three things

Thing One
It’s the rainy season and my husband, a situational asthmatic, has taken to using his rescue inhaler multiple times each day. He says his chest hurts, and he’s forever collapsing on the bed and moaning. He walks around like an old man. And at night he dreads going to sleep because laying down makes him feel like he’s drowning.

The whole things was starting to feel out of hand, so we made tentative plans to find someone with a stethoscope within the next few days, but then last night he spent four hours hacking up his lungs. Not cool.

This morning over breakfast, I said, “Um, maybe you should see a doctor today?”

“Yeah, probably.”

“I know!” I shouted, spying a bright opportunity. “Let’s go to the local clinic! All you need is someone to listen to your lungs—it doesn’t have to be anyone fancy. It’ll be a cultural studies outing! You’ll be the perfect specimen. It’ll be fun!”

I wasn’t joking when I said I was desperate for something to do.

In the end, we didn’t stop at the little clinic in Chamelco. We had errands to run in Cobán anyway, so it made sense to go to the same place where they treated our daughter’s dog bite.

Turns out, my husband’s lungs are full of mucus (which is just a fancy word for SNOT). The doctor gave him scripts for a couple different meds, including an antibiotic and a number to call if his calves start to hurt (apparently a rare but dangerous side effect of one of the drugs). Maybe their motto should be: We’ll heal you if we don’t kill you.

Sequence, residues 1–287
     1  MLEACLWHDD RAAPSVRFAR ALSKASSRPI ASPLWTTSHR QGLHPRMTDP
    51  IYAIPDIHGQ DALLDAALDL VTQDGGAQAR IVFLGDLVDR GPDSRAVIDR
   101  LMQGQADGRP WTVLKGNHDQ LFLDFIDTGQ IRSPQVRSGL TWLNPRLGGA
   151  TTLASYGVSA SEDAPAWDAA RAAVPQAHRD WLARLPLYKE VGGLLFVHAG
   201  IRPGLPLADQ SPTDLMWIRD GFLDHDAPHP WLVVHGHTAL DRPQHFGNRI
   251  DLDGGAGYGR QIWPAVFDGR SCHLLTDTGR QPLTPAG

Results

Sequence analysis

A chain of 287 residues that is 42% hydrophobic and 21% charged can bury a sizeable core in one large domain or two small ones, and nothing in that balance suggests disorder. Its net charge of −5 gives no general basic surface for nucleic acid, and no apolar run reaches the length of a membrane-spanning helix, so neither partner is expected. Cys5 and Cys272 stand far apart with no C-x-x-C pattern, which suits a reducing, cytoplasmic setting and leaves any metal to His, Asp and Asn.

(Kidding. The clinic is really very nice.)

Clarifying Note: the series of Exhausted Husband pictures are culled from the archives and not just from this last week. 

Thing Two
It’s fair week.

Think I should let the kids ride the Ferris wheel?

(It blew over last year.)

(And yes, there are seats. Fair goers aren’t expected to dangle by their hands, though that would give the ride a unique element of adventure…)

Thing Three
My daughter loves bugs and animals, so when our neighbor kid showed her his collection of insects, she was thrilled. When her teacher tasked the class with a bug identification project, she was excited. And when the neighbor boy said she could borrow his collection, she was over the moon.

She spent hours making a display board, identifying the insects, carefully penciling in their names.

Her passionate absorption is beautiful to watch.

It’s fun to ponder where this interest might lead…


  • Unknown

    I stumbled on your blog looking for a sour cherry crostada recipe (thanks!) and I LOVE your writing style. I will be bookmarking your site and will be back soon. Thanks again.

  • Mountaineer

    Older daughter was the only one of the family who ate a cicada several years ago when her uncle fried up a pan of them. It's on video.

  • Anonymous

    Hi! This is Lydia (I belong to the other Jennifer 🙂 When I read the part about your daughter and the bug project I was amazed. While we were living in Colombia I worked on an insect identification project at our school. My friend and I worked on it for about 2 years then took it to a national science fair. This is just another one of many strange things our families share! I really enjoy reading your blog. Its crazy just how many things happen to you guys that happened to us! Maybe our families can get together sometime when you guys come back. Say hi to the southern part of the world for me 😀

  • the domestic fringe

    I feel bad for your husband. I know just how he feels. I've spent many, many nights sitting up on the couch, because I couldn't lay down. I'll be praying for him to feel better real soon.

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